Green Tip: Say no to styrofoam
Published February 23, 2010
Last week we explained how precipitation flows downstream. Keep in mind that as the snow in the Mid-Atlantic states begins to melt, trash that is on streets will be picked up with the water and flow downstream into the Chesapeake Bay. In Baltimore, a lot of that trash washes into a 10 acre urban wetland at Fort McHenry.
A few times a year the Aquarium’s Conservation Team (ACT!) takes on the task of cleaning up the trash and debris that collects in the wetland. And at each event they can count on one thing - finding lots and lots of polystyrene (better known as Styrofoam, which is a trademarked material).
Everything from foam coffee cups to take-out containers to coolers find their way from city streets to the Chesapeake Bay, and unless someone cares enough to pick them up they will remain in the ecosystem indefinitely. Polystyrene is one of the most harmful types of debris out there, especially because it does not break down or decompose; the cup someone threw out the car window today could still be floating around in the oceans a million years from now.
The good news is that we can all but eliminate the need to use polystyrene by making a few simple changes and exploring alternative materials:
REDUCE your use of polystyrene by replacing it with reusable items, paper or biodegradable plastic. Reusable items are always best, but in some instances disposable plates and cups cannot be avoided. Paper goods will decompose in a landfill over time. Biodegradable “plastics” made from corn are becoming more widely available, and with this option you get the benefit of a sturdy plastic plate or cup and the piece of mind that comes with using a material that is so earth-friendly that it can be composted.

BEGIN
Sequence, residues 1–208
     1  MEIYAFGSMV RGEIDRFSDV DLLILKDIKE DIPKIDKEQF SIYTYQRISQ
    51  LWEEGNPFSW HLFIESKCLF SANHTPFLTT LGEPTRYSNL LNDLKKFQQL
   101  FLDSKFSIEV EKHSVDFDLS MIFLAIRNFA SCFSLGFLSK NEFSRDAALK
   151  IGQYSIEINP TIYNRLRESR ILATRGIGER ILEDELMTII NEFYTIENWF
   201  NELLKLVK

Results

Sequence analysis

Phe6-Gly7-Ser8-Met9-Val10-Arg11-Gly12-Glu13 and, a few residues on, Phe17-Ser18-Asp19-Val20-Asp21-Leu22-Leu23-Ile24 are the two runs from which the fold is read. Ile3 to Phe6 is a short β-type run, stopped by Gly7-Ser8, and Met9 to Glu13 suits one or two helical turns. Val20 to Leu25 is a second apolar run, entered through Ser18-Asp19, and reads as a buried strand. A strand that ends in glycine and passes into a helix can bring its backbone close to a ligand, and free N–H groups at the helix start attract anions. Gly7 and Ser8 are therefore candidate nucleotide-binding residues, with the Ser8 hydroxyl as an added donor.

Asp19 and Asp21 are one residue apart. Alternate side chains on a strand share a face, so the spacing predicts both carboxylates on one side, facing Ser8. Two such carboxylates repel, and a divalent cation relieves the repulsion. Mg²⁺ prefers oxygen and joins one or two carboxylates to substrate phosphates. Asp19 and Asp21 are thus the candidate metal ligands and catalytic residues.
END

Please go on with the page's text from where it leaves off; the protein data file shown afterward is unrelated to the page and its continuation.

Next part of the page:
REDUCE the need for restaurants to use polystyrene by bringing your own takeout container or asking for aluminum foil the next time you take leftovers home after dining out. If enough people ask for alternatives, the restaurant may get the hint to choose a more eco-friendly packing material.
REUSE by investing in a personal travel mug. Coffee cups are one of the most common daily uses of polystyrene. Many coffee vendors now give discounts for folks who bring their own cups to refill, and in a home or office setting you can save because you no longer need to purchase cups to throw away.
If you still need to use polystyrene check to see if it can be RECYCLED. Products are often packed and shipped in polystyrene, and this is something we may not be able to control when we purchase something. It's good to know that most forms of foam packing materials can be recycled. Read more at esppackaging.com. If you are packaging an item yourself, try alternatives like recycled newspaper or biodegradable corn-based packing peanuts.
If you want to do more to help keep the Chesapeake Bay clean consider joining us for a debris clean-up event. The Aquarium's Conservation Team is currently recruiting community volunteers for the "spring cleaning" of the wetland at Fort McHenry in April. Visit aqua.org for more information.
National Aquarium Animal Rescue is currently caring for a female harp seal nicknamed Marie Tharp.
Read the full story
Every year, when cold weather starts to hit the East Coast, hundreds of endangered, cold-stunned sea turtles wash ashore in Cape Cod Bay.
Read the full story
Published February 19, 2013
Published January 27, 2012
Explore the Blog